AOC resigns from Queens megadevelopment steering committee

Congresswoman delivers blow to de Blasio’s dream of 180 acres of housing, schools and parks

TRD New York /
Jan.January 24, 2020 05:26 PM
U.S. Rep. Alexandria Ocasio-Cortez and Sunnyside Yards (inset) (Credit: Getty Images and Wikipedia)

U.S. Rep. Alexandria Ocasio-Cortez and Sunnyside Yard (Credit: Getty Images and Wikipedia)

Rep. Alexandria Ocasio-Cortez resigned from the steering committee planning the development of a 180-acre Queens site after being pressured by community groups.

In a letter today, AOC said she quit the Sunnyside Yard Steering Committee because not enough feedback was being incorporated into the New York Economic Development Corporation’s vision for the massive project, which opponents fear will cause gentrification.

“This feedback, both from community members and from my office, includes but is not limited to community land trusts, truly affordable housing, and public and green infrastructure of the scale necessary to meet our 21st century housing and environmental justice challenges,” AOC wrote to the EDC, the main economic-development arm of the de Blasio administration.

Officials at the agency acknowledged AOC’s resignation Friday afternoon. In a statement, a spokesperson said, “Sunnyside Yard presents an opportunity to build a stronger New York for generations to come that includes more open space, transit, affordable housing, jobs and green infrastructure in Western Queens. This planning process has always put community engagement at the center.”

Groups opposing development in Queens, including the Democratic Socialists of America, had targeted the de Blasio administration and the development’s steering committee, a roster of community leaders and elected officials, including AOC.

“You love to see it,” said Alex Crowley, a member of the leadership of the Queens branch of the socialist group, upon learning of AOC’s resignation.

Groups including the Queens Anti-Gentrification Project, Justice for All and Woodside On the Move previously criticized the development process for being conducted undemocratically. They said that after Amazon’s exit, the EDC put together the steering committee featuring AOC and other officials but gave it little accountability, rather than engaging with dissenters.

City officials hope to establish a mix of affordable housing, schools, parks and open spaces over the rail yard, situated between Sunnyside and Long Island City. The administration has been trying to portray the planning process as inclusive to avoid the kind of opposition that killed plans for an Amazon campus in nearby Long Island City.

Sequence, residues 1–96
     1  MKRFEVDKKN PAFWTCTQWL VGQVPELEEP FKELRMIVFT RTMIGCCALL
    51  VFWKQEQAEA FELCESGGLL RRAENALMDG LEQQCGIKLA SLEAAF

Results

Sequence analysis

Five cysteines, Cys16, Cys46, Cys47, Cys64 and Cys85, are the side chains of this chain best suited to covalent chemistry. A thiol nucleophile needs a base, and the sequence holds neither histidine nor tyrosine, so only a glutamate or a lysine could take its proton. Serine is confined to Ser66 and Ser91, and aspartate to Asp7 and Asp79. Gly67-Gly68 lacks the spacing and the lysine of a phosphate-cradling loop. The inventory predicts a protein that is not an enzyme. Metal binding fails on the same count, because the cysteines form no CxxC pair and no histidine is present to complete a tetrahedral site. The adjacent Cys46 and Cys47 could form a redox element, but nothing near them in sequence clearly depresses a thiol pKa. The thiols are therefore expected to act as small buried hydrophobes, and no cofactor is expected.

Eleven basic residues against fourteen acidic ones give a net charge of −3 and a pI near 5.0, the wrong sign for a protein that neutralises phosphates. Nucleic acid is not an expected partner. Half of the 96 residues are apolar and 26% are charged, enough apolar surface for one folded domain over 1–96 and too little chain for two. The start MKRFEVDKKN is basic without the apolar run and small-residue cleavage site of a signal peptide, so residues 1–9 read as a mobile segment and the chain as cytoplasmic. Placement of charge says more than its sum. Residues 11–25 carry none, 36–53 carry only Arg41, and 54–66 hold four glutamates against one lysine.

The ambitious project, if it comes to pass, would not happen until after Mayor Bill de Blasio’s term expires at the end of next year.

The EDC has a hand in efforts to develop Willets Point in Queens and Hunts Point in the Bronx, the aborted Amazon campus and the Brooklyn Army Terminal in Sunset Park.


Related Articles

arrow_forward_ios
Clockwise from left: 950 University Avenue in the Bronx, 27-55 Jackson Avenue in Queens, 149 Pioneer Street in Red Hook and 416 Metropolitan Avenue in Williamsburg (Google Maps)

EB-5 investor snags Hunters Point resi development: Mid-market sales report

EB-5 investor snags Hunters Point resi development: Mid-market sales report
Traub Capital's Brian Crosby and 27-11 49th Avenue in Long Island City (Images via Traub and Google Maps)

Traub Capital pays $75M for LIC cosmetics plant

Traub Capital pays $75M for LIC cosmetics plant
Kyle Bragg and Eric Benaim

Backers of big Queens megaprojects say city needs the jobs, homes

Backers of big Queens megaprojects say city needs the jobs, homes
Port Authority Bus Terminal and AECOM CEO Troy Rudd (Roger Rowlett via Wikipedia; AECOM)

“Worst place on earth” may be buried underground

“Worst place on earth” may be buried underground
From left: David Singelyn of Homes 4 Rent, Jacque Petroulakis of NextMetro, and Adam Adler of Global City (Photos via Nexmetro, Global City, Singelyn via Cal Poly Pomona)

Developers bet big on build-for-rent in these uncertain times

Developers bet big on build-for-rent in these uncertain times
New York City Council member Brad Lander (Getty)

Brad Lander calls for city to use land banks

Brad Lander calls for city to use land banks
2870 Ocean Avenue in Brooklyn (Google Maps)

Chetrit firm pays $119 psf for Sheepshead Bay site

Chetrit firm pays $119 psf for Sheepshead Bay site
Northwest Queens housing market remains bright in dim market (iStock)

Sales slumped, prices jumped in Queens housing market

Sales slumped, prices jumped in Queens housing market
arrow_forward_ios

The Deal's newsletters give you the latest scoops, fresh headlines, marketing data, and things to know within the industry.

Loading...